Dizziness, Fainting, Falls, Orthostatic Hypotension, Heart rate and rhythm, Cardiac output and Perfusion, The Autonomic Nervous system,

Falls and Injury are all very interconnected. They all tend to accumulate as we age, but the young are not immune to these conditions. In all of these discussions,

I make the ASUMPTION that you have these conditions in an undramatic, infrequent, moderate way, and are not burdened by Risk factors such as diabetes and hypertension. Stroke is always a worry lingering in the background, and will be discussed at the end of the series.

I will begin with DIZZINESS AND FAINTING. The amazing thing is that we are able to walk upright all day without falling. We can surprisingly lie on our backs, suddenly get up and run away seamlessly, or at least we were able to do these things, most of the time. Our bodies almost magically supply our brains and balance mechanisms with the right amount of blood and nourishment ALMOST all of the time.

Everybody gets dizzy if they spin around enough, and even young people can faint if they stand long enough in one place. Dizziness and fainting is usually considered normal if there is a good explanation. It is when they are too sudden, too severe, last too long, or happen too frequently that we seek medical Help.

Dizziness can mean “lightheadedness” without the room spinning. This is often more concerning than Vertigo, since it more often is due to a lessening of blood flow to the brain. When we get up suddenly from a sitting or lying position, the blood may pool in our abdomen and legs, with consequent insufficient pumping of blood to the brain.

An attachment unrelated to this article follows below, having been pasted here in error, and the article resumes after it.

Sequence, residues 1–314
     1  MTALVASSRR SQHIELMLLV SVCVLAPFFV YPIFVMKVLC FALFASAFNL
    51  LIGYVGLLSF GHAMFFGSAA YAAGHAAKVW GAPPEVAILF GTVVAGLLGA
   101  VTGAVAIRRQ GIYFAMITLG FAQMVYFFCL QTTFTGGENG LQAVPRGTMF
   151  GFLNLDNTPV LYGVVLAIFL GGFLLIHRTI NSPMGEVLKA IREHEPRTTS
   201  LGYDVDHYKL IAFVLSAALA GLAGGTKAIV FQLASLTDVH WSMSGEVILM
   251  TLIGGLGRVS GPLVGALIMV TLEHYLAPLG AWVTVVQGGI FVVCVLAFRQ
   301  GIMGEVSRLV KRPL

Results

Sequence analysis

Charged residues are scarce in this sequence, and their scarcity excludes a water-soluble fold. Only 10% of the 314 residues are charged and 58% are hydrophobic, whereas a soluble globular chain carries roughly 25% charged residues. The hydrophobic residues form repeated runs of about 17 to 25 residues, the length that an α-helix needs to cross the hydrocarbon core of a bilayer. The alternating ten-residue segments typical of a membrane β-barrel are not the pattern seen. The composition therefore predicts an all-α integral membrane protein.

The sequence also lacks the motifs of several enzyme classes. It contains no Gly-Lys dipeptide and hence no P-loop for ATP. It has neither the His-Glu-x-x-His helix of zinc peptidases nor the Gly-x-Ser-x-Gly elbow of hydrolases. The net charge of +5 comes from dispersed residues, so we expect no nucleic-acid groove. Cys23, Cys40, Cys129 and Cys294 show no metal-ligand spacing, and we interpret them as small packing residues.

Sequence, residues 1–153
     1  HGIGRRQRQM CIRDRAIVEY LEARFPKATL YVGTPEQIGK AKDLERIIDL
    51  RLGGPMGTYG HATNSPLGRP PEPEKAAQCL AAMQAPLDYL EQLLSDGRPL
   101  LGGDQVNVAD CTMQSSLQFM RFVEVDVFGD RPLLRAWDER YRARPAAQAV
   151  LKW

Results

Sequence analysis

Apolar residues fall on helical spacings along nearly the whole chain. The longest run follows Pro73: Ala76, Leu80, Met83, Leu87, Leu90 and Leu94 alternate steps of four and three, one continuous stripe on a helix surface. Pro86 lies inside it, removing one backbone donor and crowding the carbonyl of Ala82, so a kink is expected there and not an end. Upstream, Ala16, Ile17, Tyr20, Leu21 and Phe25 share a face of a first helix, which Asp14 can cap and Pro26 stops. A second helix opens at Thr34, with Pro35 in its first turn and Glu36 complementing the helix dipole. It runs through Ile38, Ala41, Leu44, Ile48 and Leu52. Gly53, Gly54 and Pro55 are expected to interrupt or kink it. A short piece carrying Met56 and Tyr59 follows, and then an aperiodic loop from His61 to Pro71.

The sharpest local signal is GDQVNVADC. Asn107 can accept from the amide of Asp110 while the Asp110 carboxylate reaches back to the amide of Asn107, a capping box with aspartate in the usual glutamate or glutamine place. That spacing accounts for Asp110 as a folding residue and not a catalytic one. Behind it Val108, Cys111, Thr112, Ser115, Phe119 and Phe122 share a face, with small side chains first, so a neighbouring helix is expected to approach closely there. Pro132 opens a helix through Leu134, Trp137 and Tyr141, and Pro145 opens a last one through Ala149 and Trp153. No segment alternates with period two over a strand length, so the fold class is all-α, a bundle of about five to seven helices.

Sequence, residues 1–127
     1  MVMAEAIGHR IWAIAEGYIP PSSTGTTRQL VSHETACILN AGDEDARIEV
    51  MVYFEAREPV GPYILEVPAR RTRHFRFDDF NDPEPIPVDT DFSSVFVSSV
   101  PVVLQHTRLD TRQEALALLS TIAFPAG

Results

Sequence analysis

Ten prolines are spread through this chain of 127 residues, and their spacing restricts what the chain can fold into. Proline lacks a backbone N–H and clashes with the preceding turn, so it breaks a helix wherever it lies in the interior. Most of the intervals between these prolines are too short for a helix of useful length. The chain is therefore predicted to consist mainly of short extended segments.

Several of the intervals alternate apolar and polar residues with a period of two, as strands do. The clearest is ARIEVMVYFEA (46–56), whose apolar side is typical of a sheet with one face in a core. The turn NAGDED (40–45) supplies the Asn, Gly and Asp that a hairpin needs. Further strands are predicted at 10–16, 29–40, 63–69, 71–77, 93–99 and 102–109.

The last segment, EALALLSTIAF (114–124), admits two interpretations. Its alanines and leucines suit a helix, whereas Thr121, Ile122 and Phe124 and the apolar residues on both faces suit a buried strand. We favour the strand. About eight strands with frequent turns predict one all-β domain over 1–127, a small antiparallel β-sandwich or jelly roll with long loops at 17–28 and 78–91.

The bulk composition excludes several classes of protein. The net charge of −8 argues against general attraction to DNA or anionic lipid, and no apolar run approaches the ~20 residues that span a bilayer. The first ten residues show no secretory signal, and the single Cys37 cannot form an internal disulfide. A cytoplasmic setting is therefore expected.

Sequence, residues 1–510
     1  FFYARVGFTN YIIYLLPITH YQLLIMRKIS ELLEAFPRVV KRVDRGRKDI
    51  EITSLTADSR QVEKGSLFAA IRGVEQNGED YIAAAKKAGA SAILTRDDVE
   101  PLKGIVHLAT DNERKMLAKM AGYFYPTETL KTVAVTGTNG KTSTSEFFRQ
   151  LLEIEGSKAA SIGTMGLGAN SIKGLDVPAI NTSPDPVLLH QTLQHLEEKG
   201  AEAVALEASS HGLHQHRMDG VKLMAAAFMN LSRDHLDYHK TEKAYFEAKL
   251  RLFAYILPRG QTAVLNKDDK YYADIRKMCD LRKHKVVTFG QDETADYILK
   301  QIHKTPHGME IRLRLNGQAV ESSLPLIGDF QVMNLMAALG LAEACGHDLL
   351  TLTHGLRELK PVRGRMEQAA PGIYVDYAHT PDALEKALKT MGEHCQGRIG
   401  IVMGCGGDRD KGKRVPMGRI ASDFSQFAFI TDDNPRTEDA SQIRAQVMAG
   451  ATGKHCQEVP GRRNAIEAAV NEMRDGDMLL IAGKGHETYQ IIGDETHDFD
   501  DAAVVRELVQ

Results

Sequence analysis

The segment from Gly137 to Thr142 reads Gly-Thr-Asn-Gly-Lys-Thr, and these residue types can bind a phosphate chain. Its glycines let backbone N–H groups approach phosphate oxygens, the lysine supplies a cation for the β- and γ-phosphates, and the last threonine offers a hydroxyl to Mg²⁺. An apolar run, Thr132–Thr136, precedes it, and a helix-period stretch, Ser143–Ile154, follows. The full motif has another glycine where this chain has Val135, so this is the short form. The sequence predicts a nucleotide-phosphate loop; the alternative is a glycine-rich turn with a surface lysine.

This happens at 1G to civilians, but it takes about 5Gs for young jet pilots to need their “blackout” suits. Instead of blackout suits, we can use support-hose, or even a constricting pants-suit which includes our lower abdomen.

I have also been using a buzzer-timer which reminds me to walk every 10 minutes, to keep me from staying in my comfortable lazy-boy too long. I try to walk rapidly and breathe deeply, and believe this helps keep my body “toned up” and responsive for when I stand up rapidly.

The other way to adapt would be to “baby” my body, and stand up more slowly. There are always the opposite ways to respond: go easy, or push the body and expect it to adapt. If you are worried, your Family Doctor can help you and suggest a path forward .

Perhaps you are overmedicated, need medication, or some tests would help clarify the situation. Vertigo is where the room seems to be spinning. You might be able to tell whether it is spinning clockwise or counterclockwise.

The most common cause is BPPV, or benign periodic positional vertigo, and you can wait it out. Look it up on the internet for parameters. Persistent Vertigo can also be due to inner ear (labyrinth) problems. which an ENT Doctor can address.

For more details, I have included a couple of good articles. A discussion of Falls is next in this series.

–Dr. C.

Reference #1

Reference #2